Creamy white or buff with ring of brownish spots on large end.

Condition at Hatching:

Hatch naked and helpless.

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Behavior

Behavior Flycatching

Pewees (in the genus Contopus) are active, agile flycatchers; Olive-sided Flycatchers are the giants of this group, more than twice as heavy as Eastern and Western Wood-Pewees. When chasing a rival or a predator, in flying out to take an insect on the wing, their flight is strong, rapid, and direct, recalling the flight of larger kingbirds. The species is highly territorial, often with large territories—sometimes in excess of 100 acres. Territories often do not abut one another but instead are separated by areas of unsuitable habitat. When courting, males may chase females through the territory and perform a short display flight, which the female may join. Breeding males drive out rival males from the territory in swift aerial chases. Once the rival is expelled, the nesting pair reunites, raising crest feathers, clicking bills, and pumping tails and bodies. The pair bond in this species appears to be strong and can survive failed nestings and renesting attempts. At least two cases are known in which a pair nested in consecutive years. Unlike many Nearctic migrants, wintering Olive-sided Flycatchers in Central and South America also hold and defend territories from others of their species. They are rarely found among mixed-species flocks.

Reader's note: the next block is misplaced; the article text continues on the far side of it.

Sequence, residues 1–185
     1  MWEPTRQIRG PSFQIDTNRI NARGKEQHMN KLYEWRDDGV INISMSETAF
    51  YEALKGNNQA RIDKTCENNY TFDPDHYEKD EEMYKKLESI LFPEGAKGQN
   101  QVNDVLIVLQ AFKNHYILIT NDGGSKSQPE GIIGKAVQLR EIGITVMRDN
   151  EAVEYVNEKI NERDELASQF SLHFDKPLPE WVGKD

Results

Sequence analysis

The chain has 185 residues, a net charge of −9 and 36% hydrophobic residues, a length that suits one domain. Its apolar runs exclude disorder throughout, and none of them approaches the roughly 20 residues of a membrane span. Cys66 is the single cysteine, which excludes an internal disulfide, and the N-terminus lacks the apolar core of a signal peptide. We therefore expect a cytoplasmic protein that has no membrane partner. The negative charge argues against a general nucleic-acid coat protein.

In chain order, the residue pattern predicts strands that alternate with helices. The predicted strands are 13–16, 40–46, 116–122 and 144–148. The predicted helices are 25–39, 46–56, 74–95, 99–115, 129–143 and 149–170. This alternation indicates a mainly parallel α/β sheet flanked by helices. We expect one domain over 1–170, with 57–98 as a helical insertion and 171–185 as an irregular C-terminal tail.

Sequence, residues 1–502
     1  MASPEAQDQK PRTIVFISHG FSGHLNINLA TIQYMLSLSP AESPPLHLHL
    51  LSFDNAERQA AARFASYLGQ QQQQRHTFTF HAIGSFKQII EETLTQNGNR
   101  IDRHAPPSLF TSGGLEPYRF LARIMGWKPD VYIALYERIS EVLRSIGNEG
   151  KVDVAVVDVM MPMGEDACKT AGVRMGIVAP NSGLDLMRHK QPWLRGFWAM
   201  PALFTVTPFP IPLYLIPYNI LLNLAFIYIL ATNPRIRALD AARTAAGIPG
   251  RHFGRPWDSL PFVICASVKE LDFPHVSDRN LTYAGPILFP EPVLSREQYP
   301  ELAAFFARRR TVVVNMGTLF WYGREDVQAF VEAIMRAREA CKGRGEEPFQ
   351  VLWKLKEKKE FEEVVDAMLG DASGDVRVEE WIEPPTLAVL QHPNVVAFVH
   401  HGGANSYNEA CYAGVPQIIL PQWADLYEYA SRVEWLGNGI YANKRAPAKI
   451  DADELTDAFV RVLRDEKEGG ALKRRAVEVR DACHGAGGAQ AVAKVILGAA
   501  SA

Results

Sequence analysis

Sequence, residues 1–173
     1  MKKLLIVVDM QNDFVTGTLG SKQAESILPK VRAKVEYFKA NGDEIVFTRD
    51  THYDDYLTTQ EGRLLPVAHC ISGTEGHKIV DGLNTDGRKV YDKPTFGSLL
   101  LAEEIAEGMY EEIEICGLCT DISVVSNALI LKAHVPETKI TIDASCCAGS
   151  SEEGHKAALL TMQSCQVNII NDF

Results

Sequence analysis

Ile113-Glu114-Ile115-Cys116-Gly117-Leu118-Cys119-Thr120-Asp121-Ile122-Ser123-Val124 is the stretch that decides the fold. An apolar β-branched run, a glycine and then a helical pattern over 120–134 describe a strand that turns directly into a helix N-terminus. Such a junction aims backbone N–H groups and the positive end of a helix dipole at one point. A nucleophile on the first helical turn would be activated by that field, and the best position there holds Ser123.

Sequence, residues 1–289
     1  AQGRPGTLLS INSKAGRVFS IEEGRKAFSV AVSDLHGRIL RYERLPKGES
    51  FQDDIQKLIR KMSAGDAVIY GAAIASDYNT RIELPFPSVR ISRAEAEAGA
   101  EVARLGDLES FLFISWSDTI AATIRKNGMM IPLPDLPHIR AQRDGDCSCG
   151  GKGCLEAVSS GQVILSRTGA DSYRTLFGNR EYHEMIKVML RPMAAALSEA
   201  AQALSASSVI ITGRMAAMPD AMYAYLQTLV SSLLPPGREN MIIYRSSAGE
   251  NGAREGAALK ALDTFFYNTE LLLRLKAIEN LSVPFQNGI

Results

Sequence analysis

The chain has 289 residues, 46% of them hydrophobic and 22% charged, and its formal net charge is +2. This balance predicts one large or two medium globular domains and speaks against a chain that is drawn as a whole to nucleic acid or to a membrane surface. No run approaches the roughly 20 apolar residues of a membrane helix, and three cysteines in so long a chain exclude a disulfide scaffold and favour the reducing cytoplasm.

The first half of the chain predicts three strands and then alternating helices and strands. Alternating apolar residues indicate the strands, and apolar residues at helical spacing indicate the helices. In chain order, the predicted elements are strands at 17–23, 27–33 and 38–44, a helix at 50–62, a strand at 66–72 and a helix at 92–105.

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Conservation

Conservation Declining

Olive-sided Flycatcher populations are in decline. According to Partners in Flight, their numbers have fallen by 79% since 1970, with the remaining breeding population estimated at 1.9 million. The species rates a 13 out of 20 on the Continental Concern Score and is on the Yellow Watch List for declining populations. Declines may be due to a loss of wintering habitat. This species takes advantage of high insect numbers and good foraging conditions in recently burned forests, and may be adversely impacted by fire suppression and salvage logging.

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Credits

Altman, B and R Sallabanks. (2012). Olive-sided Flycatcher (Contopus cooperi), version 2.0. In The Birds of North America (P. G. Rodewald, editor). Cornell Lab of Ornithology, Ithaca, New York, USA.

Lutmerding, J. A. and A. S. Love. Longevity records of North American birds. Version 2015.2. Patuxent Wildlife Research Center, Bird Banding Laboratory 2015.

North American Bird Conservation Initiative. (2014). The State of the Birds 2014 Report. US Department of Interior, Washington, DC, USA.

Partners in Flight (2017). Avian Conservation Assessment Database. 2017.

Sauer, J. R., J. E. Hines, J. E. Fallon, K. L. Pardieck, Jr. Ziolkowski, D. J. and W. A. Link. The North American Breeding Bird Survey, results and analysis 1966-2013 (Version 1.30.15). USGS Patuxtent Wildlife Research Center (2014b). Available from http://www.mbr-pwrc.usgs.gov/bbs/.

Sibley, D. A. (2014). The Sibley Guide to Birds, second edition. Alfred A. Knopf, New York, USA.